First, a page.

Federal Reserve Chairman Alan Greenspan warned Friday that recent gains in U.S. home prices, stock values and other forms of wealth may be temporary and could easily erode if long-term interest rates rise.

Households and businesses have been able to spend more by transforming houses, stock and other assets into cash, he noted. But Americans should not assume that such good times will roll on forever.

"What they perceive as newly abundant [cash] can readily disappear," Greenspan said.

His words followed statements the Fed chief has made in recent months that housing prices in some markets have risen to unsustainable levels and that individuals are taking on increasingly risky mortgages. But Greenspan's comments Friday represent a broader warning, with the Fed chief indicating he believes much of the run-up in housing and stock prices over the past decade has been due to low long-term interest rates, which could rise if global financial conditions shift.

"History has not dealt kindly" with those who underestimate such risks, Greenspan said in remarks delivered at the opening of an economic conference here focused on his 18 years as Fed chief.

Stock prices fell in trading Friday after Greenspan suggested that the value of such assets may be headed lower in the future. Financial markets have responded to Greenspan's warnings in the past, only to shrug them off subsequently. In 1996, he famously warned that "irrational exuberance" might be pumping up stock prices; stocks fell briefly only to climb almost continuously for the following three years.

At the conference's opening session Friday, Greenspan was lauded by current and former colleagues and other analysts for his performance and wisdom as Fed chief. "When the score is toted up, we think he has a legitimate claim to being the greatest central banker who ever lived," wrote former Fed vice chairman Alan S. Blinder and Ricardo Reis, both Princeton University economists, in a paper presented Friday.

The Fed has been raising its benchmark short-term rate for more than a year and has signaled that it probably will keep lifting it in the months to come to keep the lid on inflation. But the Federal Reserve does not set long-term rates, such as those that determine mortgage rates and corporate borrowing costs. Those are affected by international financial markets in response to many factors.

Long-term interest rates remain very low, in part because inflation has remained tame outside of energy costs. Overseas investors have been pouring money into U.S. stocks and bonds, helping dampen long-term rates. But Greenspan said low long-term rates also reflect investors' belief that the U.S. economy is so healthy that there is little risk in lending money here.

Thus, lenders set rates lower because they demand a lower "risk premium," Greenspan said.

"This vast increase in the market value of [stocks, bonds, houses and other assets] is in part the indirect result of investors accepting lower compensation for risk," Greenspan said. "Such an increase in market value is too often viewed by [investors] as structural and permanent."

But we live in an ever-changing economy and an uncertain world, the Fed chief emphasized. Investors could easily get spooked, become more cautious, boost interest rates, and thereby deflate the values of homes and financial assets, he said.

Greenspan said earlier this year that investors are not necessarily irrational in expecting economic waters to stay calm. In Greenspan's nearly two decades at the Fed, other speakers Friday noted, inflation has fallen very low and the economy has enjoyed its longest peacetime expansion with just two mild recessions. This experience contrasted dramatically with the turmoil of the 1970s and 1980s, when inflation and interest rates soared and the nation experienced the deepest downturns since the Great Depression.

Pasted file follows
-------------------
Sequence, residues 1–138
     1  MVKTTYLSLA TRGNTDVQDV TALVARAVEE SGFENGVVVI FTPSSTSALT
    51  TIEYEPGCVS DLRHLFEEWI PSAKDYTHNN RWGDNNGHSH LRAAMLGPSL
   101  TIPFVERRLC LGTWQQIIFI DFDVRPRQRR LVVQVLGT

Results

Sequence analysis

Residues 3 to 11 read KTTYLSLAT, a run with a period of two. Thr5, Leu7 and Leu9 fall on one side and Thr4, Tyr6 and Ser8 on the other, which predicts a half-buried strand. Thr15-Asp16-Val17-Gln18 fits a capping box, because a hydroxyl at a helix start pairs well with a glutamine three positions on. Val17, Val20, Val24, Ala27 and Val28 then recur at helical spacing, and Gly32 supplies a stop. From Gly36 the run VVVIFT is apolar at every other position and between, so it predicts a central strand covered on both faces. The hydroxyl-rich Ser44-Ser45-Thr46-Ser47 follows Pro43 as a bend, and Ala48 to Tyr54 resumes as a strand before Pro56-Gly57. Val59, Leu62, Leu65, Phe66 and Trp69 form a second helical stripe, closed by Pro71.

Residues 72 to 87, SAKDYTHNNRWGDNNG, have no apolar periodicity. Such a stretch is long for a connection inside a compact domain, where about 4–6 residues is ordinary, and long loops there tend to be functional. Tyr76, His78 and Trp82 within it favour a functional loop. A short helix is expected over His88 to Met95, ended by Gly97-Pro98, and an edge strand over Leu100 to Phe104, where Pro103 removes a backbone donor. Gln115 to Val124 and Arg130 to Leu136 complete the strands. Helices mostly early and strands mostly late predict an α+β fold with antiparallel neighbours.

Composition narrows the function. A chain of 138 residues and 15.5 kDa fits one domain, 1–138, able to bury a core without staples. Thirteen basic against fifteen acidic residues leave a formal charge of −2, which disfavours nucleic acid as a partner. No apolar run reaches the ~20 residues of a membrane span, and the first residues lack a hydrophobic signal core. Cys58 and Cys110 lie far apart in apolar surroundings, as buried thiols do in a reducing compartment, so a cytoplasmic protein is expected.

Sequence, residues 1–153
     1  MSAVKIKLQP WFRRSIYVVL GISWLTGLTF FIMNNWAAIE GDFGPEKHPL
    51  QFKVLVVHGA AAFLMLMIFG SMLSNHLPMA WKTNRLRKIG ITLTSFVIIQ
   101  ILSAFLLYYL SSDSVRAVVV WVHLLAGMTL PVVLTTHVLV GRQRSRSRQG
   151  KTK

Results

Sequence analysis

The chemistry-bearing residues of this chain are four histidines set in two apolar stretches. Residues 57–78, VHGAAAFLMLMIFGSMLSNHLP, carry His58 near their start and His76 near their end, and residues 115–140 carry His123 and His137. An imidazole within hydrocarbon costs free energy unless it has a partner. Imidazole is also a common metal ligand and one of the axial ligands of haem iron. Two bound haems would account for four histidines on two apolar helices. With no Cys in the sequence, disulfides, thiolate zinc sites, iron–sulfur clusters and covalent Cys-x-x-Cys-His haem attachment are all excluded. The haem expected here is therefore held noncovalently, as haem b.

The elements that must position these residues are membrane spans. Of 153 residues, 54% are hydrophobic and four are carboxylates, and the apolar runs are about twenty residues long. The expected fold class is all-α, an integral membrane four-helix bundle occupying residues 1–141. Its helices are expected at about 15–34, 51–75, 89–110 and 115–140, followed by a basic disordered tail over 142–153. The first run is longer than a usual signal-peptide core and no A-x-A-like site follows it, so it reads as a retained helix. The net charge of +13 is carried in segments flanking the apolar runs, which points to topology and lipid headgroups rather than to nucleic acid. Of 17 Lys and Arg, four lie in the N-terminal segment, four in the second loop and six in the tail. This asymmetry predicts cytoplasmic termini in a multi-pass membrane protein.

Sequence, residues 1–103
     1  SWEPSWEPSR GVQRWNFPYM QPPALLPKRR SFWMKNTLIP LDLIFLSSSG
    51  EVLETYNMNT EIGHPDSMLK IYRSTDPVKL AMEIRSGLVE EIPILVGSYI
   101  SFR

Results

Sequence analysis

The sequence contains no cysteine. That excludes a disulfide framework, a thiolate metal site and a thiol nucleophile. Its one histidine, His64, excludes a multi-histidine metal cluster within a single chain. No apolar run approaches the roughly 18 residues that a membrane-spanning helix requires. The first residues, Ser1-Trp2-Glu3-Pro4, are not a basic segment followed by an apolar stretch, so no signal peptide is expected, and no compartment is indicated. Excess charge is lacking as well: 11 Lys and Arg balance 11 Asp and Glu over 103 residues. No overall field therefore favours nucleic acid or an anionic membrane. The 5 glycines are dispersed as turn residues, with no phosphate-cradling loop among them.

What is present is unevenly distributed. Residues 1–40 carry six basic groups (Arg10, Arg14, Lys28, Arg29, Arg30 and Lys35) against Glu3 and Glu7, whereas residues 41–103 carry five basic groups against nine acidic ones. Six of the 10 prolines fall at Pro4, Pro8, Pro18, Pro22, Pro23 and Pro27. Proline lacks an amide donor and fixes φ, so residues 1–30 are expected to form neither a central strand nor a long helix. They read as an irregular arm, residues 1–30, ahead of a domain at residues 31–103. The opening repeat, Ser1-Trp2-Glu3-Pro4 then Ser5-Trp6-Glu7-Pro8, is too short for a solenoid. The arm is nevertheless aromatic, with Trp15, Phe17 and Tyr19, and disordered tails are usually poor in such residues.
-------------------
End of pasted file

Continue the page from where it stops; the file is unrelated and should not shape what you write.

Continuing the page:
Speaking explicitly about the economy, but also implicitly about his tenure as Fed chairman, Greenspan said that since 1987 the nation has survived two sharp stock market declines and the Sept. 11, 2001, terrorist attacks. He also said the economy has so far managed "to weather reasonably well the steep rise" in energy prices over the past two years.

Greenspan acknowledged that Fed policy has been "an important contributor to the decline in inflation and inflation expectations" over that period. But he credited the Fed under his predecessor Paul A. Volcker for doing "the very heavy lifting against inflation." Volcker, who served as Fed chairman from 1979 to 1987, pushed interest rates to double-digit levels to break inflation and start driving it downward, contributing to a severe recession in the early 1980s.

In addition, Greenspan said one of the Fed's major accomplishments in recent years was its willingness "to recognize that the U.S. and global economies were evolving in profound ways" and to tailor the central bank's inflation-fighting strategies accordingly.

But Greenspan attributed the economy's resilience primarily to increased "flexibility" -- his term for the freedom of U.S. financial markets to respond to sudden events through changes in prices, interest rates and exchange rates. That contrasts with the U.S. price controls and heavier regulation of many industries in the early 1970s and with other governments' restrictions on their own markets and industries today.

"To some extent, those higher [house, stock and other asset] values may be reflecting the increased flexibility and resilience of our economy," he said.

These qualities also mean that the nation's housing boom and outsized trade deficit need not be solved through deep downturns in economic growth or employment, he said. "The more flexible an economy, the greater its ability to self-correct in response to inevitable, often unanticipated disturbances."

Alan Greenspan is at a conference at a lodge in Grand Teton National Park focused on his 18-year tenure as Federal Reserve chairman.